The warmup for this series is easy, yet it needs full effort to be effective. Standing, begin to vibrate and shake your entire body. Be sure to shake each leg and foot; each arm and hand; the hips, the shoulders, the head, and the torso. Move consciously and powerfully; the idea is to stimulate circulation, release muscle tension, and reset the nervous system. Shake vigorously for 1 minute.

Then, still standing, find a wall with enough clear space to accommodate the length of your arm. Place the pinky edge of the right arm on the wall at shoulder height; the palm faces up, not against the wall. Then, with the arm in full contact of the wall, slowly turn your body away from the wall; this will create an intense stretch through the pectoral muscles, and along the inside of the arm. Gently turn your head away from the wall, looking over the left shoulder. Breathe here for 8 deep, full breaths. Slowly release the stretch, and repeat to the other side.

When you have finished the chest-opening stretch, stand in Mountain Pose, arms by your sides, and eyes closed. Take your mind’s eye to the soles of your feet: Inhale slowly through the nose, using one full breath in to draw the earth’s energy in through the feet, up the inner legs, up the center line of the body and face, and onto the crown. As you exhale through the nose in one long, deep breath, envision the breath traveling down the back of the head, the spine, the backs of the legs, and out and away from the heels. Continue this breath visualization for 3 minutes.

Next, sit on the floor. Bring the right foot in toward the groin, allowing the bent right knee to rest on the ground. Bend the left leg, so that the left foot lies next to the left hip on the ground. (Feel free to use whatever props you need to sit upright, and to let the bent knees rest comfortably on the floor.) Now, slowly lean to the left, keeping the knees and hips on the ground. Use your left hand for support; the right arm rests agains the body. Breathe deeply as you settle into this deep opening for the waist and intercostal regions of the ribcage. 

Remain here for a full minute, then gently come upright. Extend the legs straight out in front of you, again using any props to help you sit comfortably. With your left thumb, close the left nostril. Breathe in and out through the right nostril for 12 full breaths.

Now, repeat the stretch on the other side: The left foot snuggles into the groin, and the right foot lies next to the right hip. Lean to the right, beginning to open the left side body. After 1 minute, rise up. With the legs straight out in front, close the right nostril with the right thumb. Complete 12 full rounds of left-nostril breathing.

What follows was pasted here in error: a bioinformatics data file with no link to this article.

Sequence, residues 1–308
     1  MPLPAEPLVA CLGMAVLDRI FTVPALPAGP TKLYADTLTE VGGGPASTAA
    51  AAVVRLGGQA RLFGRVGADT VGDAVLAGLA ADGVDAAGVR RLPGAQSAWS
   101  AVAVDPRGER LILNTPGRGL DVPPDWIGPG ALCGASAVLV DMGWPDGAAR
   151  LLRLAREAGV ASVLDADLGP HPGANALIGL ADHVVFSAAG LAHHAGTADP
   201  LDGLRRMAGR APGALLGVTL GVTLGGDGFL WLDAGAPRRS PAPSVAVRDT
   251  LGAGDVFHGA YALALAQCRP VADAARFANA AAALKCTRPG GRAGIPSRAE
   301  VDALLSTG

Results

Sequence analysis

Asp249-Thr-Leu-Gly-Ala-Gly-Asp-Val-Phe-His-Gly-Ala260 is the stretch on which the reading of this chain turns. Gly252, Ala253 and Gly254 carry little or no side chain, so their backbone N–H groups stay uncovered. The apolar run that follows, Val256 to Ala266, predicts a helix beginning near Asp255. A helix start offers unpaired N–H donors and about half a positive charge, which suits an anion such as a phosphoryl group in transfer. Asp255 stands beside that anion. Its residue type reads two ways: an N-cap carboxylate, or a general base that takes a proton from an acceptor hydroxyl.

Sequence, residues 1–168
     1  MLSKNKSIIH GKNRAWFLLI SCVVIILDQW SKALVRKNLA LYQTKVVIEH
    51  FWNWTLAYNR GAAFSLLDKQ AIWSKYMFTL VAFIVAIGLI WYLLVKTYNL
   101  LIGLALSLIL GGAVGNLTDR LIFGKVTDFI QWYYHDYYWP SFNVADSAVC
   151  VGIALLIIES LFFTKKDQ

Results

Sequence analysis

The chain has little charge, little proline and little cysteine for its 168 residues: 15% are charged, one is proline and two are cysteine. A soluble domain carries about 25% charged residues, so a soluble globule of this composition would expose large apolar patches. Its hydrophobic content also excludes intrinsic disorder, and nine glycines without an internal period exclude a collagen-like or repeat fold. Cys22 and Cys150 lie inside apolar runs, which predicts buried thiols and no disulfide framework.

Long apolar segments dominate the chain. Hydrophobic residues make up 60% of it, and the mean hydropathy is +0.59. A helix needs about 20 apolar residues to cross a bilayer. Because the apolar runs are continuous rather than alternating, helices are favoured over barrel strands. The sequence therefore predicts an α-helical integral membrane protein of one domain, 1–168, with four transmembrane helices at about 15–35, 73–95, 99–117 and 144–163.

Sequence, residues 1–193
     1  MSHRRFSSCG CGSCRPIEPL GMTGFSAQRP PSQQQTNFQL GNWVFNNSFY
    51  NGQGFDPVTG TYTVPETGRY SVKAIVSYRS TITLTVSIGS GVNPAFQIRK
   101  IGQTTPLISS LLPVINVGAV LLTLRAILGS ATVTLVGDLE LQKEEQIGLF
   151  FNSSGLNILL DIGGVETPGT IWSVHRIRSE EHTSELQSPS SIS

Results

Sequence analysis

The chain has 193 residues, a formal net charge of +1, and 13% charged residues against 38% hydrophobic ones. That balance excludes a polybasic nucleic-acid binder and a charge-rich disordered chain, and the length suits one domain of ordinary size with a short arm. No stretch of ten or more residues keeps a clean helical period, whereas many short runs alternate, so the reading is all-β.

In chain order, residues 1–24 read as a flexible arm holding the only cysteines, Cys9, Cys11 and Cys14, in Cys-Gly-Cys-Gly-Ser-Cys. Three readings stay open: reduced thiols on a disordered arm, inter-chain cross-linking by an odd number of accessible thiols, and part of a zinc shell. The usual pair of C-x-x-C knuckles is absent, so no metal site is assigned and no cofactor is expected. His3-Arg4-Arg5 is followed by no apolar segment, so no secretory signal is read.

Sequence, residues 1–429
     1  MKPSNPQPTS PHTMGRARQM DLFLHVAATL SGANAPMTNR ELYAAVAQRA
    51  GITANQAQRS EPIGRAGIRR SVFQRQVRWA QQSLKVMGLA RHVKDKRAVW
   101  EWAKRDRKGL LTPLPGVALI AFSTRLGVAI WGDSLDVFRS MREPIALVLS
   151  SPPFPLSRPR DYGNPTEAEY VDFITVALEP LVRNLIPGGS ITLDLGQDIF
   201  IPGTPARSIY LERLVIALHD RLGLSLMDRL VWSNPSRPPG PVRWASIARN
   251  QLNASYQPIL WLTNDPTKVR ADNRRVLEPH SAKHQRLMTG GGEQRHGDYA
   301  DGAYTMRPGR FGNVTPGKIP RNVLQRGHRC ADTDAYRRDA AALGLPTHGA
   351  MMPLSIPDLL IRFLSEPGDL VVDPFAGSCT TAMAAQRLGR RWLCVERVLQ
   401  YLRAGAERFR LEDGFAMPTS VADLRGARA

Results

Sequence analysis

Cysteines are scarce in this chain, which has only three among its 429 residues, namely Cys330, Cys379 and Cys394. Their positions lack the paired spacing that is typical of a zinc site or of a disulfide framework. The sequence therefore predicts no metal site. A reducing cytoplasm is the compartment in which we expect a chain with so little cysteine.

Finally, sit on your heels as if preparing to enter Baby Pose. Widen your knees as much as possible, so that you can bring your torso down to rest between the legs: This is Wide-Leg Baby Pose, which allows the abdomen to relax. Place your head on the floor or a block, and let the arms rest on the floor by your legs. Then, place the back of one hand on your lower back; the other hand rests palm up in the palm of the first hand. Allow your elbows to drip and drape down toward the floor.

In this deep, expanded version of Baby Pose, breathe in steadily and completely through the nose; exhale through the mouth, allowing yourself to make any sighing, groaning, or guttural sound that comes naturally. Continue to breathe in through the nose, and out through the mouth with sound for 3 minutes. Your sounding may change with each breath; you may find that sometimes you naturally extend the tongue, or purse the lips upon exhale. Toward the end of the 3 minutes, you may emit only a soft sigh, or perhaps a barely discernible whisper of breath.

When you are ready, slowly bring your knees together as you roll up out of Baby Pose. Help yourself to lie down onto your back for several minutes of svasana, allowing the breath to find its own relaxed rhythm.

Happy Sunday…

Silent Sundays: Whew, Shh, and Ahh…

After last month’s roller coaster of challenging circumstances and emotional upheavals, this Silent Sunday seems an opportune time to contemplate what I could have been done or regarded differently. Such a task requires a rededication to faith in self and others. In the past few weeks, I repeatedly heard myself pronounce my determination to stay steady and positive; then, upon the next breath, the same voice—mine—would bemoan the situation, or wonder how things had come to the point they had.

This Job-like response to trial and tribulation forced me to consciously re-route my thought process: With the first sighting of a negativity pothole, I began to pump the brakes on my train of thought. I also had to lighten up on self-chastisement. While simmering in guilt at first may have seemed like a sort of deserved punishment, it served only to entrench me more deeply into a vat of negative energy.

Every single time that one experiences a derailment of spiritual faith or earthly trust, the possible outcomes are two: further disconnection, despondency, or anger; or,  restorative contemplation, revitalized awareness, and renewed commitment to accept and perhaps even rejoice in the gifts revealed through challenge.

With the decision to abide the latter comes an immediate release of burden: Self-berating disguised as guilt (as opposed to remorse of wrongdoing) has no place in mature spirituality. Relief begins to usher in Peace. The mind quiets and the physical body relaxes: Whew, Shh, Ahh….

The following mudra practice may be used if you feel yourself slipping into a habit of negativity; or, if you feel that you have re-established your spiritual center, the meditation will help to keep you on the right path. After you have done whatever warmup movements allow you to sit comfortably for several minutes, come into a crossed-leg position; mentally note which leg is in front of the crossing.